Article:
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New policies are needed to achieve the net-zero emissions required to address climate change. To succeed, these policies must lead directly to swift and profound abatement of greenhouse gas (GHG) emissions. Policies that appear effective on the surface too often have little real impact or are costly compared to alternatives. Governments, investors, and decision makers require better tools focused on understanding the real emissions impacts and costs of policies and other measures in order to design the most effective policies required to create a net-zero world.
This paper, from the Carbon Management Research Initiative at Columbia University’s Center on Global Energy Policy, puts forward a levelized cost of carbon abatement, LCCA, an improved methodology for comparing technologies and policies based on the cost of carbon abatement. LCCA measures how much CO2 can be reduced by a specific investment or policy, taking into account relevant factors related to geography and specific asset. It calculates how much an investment or policy costs on the basis of dollars per ton of emissions reduced. Previous marginal or levelized cost methodologies that assess carbon reduction options often failed to consider the specific contexts that determine the real, all-in costs of a policy and the real, all-in impacts on emissions. These costs and impacts can vary depending on the contexts and details of geography, existing infrastructure, timing, and other factors. LCCA attempts to improve understanding of the real climate costs and benefits by including specific and local CO2 reductions in all estimations and consistently applying standard financial metrics that more accurately represent and compare costs.
Investors and policy makers interested in climate, energy, and decarbonization must balance many competing options. The scenarios and analyses presented in this report can provide a foundation for wider analytical applications, and can help focus investments in innovation for hard-to-abate sectors, determine essential infrastructure required to facilitate market uptake, and estimate the value of grants in deployment. If the LCCA is not estimated, decision makers will not know the value of their policies and investments in terms of achieving greenhouse gas reductions and their carbon goals or the opportunity costs of taking one path over another. Finally, although carbon abatement costs are only one consideration of many in crafting climate policy (e.g., jobs, trade, domestic security), LCCA analysis will deploy efficient and effective approaches of GHG reduction and help avoid waste.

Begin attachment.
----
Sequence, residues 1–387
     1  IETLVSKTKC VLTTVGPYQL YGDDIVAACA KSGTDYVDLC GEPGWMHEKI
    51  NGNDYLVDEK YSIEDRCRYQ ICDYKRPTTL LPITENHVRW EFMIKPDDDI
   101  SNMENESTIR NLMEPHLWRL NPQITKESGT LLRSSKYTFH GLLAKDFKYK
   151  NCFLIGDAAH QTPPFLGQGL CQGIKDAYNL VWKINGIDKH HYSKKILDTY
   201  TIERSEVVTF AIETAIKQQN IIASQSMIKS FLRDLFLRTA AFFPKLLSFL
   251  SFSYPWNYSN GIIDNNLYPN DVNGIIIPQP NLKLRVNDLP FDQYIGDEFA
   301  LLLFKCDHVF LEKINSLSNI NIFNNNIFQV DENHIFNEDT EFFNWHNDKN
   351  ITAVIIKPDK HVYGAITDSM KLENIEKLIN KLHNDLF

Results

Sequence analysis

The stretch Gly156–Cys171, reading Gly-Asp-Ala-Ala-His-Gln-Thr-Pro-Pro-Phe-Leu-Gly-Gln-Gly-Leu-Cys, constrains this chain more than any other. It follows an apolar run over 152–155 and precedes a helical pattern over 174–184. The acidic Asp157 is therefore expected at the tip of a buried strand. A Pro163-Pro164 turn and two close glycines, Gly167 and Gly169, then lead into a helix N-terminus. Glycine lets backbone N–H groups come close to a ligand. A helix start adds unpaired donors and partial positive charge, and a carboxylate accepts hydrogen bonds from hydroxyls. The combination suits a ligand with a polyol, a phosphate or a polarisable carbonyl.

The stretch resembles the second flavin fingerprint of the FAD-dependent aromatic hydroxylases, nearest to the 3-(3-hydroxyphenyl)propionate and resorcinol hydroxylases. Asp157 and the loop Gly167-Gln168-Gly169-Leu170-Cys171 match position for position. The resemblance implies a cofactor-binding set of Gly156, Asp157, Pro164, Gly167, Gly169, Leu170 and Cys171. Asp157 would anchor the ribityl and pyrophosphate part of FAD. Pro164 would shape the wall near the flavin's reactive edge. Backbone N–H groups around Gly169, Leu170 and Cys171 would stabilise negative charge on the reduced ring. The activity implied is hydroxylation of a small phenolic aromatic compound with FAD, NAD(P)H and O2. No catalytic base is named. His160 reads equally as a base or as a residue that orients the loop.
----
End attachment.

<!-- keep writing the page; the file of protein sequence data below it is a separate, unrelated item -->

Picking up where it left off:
This paper uses four scenarios to illustrate the discipline and value of LCCA analysis: first, the $/ton cost of using new solar power (utility or rooftop) to displace power-sector emissions in one market (California); second, the $/ton costs of new rooftop solar generation in several states with different solar resources, grid mixes, and policy environments; third, the $/ton cost of various technology options to decarbonize a range of primary iron and steel production methods; and fourth, the $/ton cost associated with sustainable aviation fuels and direct air capture and storage of CO2.
The analysis provides insight into (a) the highest value for carbon reduction, (b) the relative discrete costs and benefits for decarbonization options, and (c) the potential shortfalls in policy or portfolio goals. In this context, the LCCA estimates for even simple cases can prove complicated depending on how emissions reductions are achieved. For example, our first scenario finds the costs of reducing emissions by replacing existing power generation in California with solar PV range from $60/ton (utility solar PV displacing natural gas power generation) to $300/ton (rooftop solar replacing a grid-average mix of generation) to more than $10,000/ton (any solar replacement of nuclear or hydropower). These large ranges are contingent on policy, investment, and/or technical decisions. Other key examples include:
The methodology put forward is suited to both static and dynamic aspects of CO2 reduction (e.g., learning by doing, marginal supply curves), can assess technology options (e.g., replacing existing power generation) and policy options (e.g., tax credits), and is keyed to tons reduced relative to a base case. It should be considered one specific index or metric, and ultimately should be one of many considerations in designing policy or investments.